I originally wrote and published this post way back in March, before the Translator site had even launched. Subsequently, it never got tweeted or spread, because we were busy writing new stuff that got sent out into the digital ether. But this being the first day of school, I thought it would be a good time to give this story its due. The post is about my memorable experience at Milwaukee College Preparatory School as a guest speaker during career day.

It’s interesting to see what has changed in the five months since I first wrote it. The iPad isn’t new anymore, and it’s beginning to show up in schools. In fact, my alma mater Racine St. Catherine’s (yeah, St. Kate’s) is using them this fall. I’ve also seen some of the wonderful things Spreenkler and Romke de haan have done to foster community development, getting kids involved in digital projects.

Of course, the one thing that hasn’t changed is change: the constant, daily evolution and increasing pervasiveness of digital. It’s an ever-expanding, never-ending story. For all of us working in the business, that makes every day the first day of school.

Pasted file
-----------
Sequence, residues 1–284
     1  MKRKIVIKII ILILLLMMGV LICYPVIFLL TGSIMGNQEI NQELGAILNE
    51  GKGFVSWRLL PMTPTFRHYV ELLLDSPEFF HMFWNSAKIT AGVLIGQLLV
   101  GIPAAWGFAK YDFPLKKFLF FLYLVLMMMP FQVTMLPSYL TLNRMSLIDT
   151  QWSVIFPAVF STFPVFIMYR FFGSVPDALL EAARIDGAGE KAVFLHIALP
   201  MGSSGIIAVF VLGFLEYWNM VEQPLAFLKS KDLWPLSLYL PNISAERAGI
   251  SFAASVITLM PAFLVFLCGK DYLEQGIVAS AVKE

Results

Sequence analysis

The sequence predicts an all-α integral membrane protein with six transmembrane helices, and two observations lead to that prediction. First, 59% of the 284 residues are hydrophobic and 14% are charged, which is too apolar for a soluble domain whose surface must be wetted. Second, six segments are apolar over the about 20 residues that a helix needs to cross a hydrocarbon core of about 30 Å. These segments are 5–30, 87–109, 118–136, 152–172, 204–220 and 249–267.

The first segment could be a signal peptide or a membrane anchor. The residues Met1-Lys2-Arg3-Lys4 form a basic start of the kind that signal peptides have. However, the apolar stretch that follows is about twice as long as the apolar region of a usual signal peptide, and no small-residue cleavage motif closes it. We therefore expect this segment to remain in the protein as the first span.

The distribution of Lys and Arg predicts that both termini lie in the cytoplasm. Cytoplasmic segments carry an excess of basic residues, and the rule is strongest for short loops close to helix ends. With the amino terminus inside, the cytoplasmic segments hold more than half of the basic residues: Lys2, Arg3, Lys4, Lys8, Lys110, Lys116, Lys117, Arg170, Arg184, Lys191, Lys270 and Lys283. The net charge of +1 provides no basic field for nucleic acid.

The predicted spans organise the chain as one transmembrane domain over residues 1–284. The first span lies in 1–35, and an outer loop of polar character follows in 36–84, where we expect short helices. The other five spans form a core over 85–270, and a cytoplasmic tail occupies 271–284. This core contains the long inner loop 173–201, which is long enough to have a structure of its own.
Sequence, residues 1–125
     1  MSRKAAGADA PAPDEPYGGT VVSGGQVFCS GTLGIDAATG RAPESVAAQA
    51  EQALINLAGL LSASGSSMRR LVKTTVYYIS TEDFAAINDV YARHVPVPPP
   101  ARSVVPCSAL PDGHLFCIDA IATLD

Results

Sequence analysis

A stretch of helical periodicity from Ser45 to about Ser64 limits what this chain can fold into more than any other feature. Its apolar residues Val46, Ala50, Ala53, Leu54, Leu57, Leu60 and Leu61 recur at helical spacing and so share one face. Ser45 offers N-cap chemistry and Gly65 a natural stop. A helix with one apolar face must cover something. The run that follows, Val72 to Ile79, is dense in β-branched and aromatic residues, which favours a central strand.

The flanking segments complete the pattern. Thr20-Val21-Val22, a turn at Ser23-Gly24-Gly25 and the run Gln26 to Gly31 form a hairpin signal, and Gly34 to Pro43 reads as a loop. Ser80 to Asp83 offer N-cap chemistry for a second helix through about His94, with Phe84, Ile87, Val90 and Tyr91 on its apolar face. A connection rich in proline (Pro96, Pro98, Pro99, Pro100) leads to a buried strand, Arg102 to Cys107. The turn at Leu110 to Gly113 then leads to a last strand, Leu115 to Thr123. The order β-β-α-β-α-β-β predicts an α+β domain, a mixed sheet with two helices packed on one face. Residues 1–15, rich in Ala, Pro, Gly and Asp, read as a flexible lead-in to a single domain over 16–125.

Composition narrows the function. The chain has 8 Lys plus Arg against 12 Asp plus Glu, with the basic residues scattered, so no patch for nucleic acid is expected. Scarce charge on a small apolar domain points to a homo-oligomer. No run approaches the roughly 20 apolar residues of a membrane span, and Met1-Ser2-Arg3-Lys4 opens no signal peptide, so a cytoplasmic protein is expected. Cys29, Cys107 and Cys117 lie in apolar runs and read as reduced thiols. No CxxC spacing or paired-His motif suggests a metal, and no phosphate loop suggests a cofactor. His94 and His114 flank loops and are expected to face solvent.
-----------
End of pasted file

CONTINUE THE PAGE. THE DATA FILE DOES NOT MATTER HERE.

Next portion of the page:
Here’s a link to the original story: Growing up with hope, growing up with digital

Tiger, a question over here from @ronbot37

I was listening to ESPN Radio’s Mike and Mike in the Morning program on my drive in this morning, and inevitably the conversation landed on Tiger Woods. Using their Twitter stream, they had asked listeners what question they would want asked of Tiger at his press conference today at The Masters. The three they read were:

“Will Thursday morning at The Masters be the most nervous you’ve ever been standing over your first tee shot?”

 

“Would you give up golf forever if it meant saving your marriage?”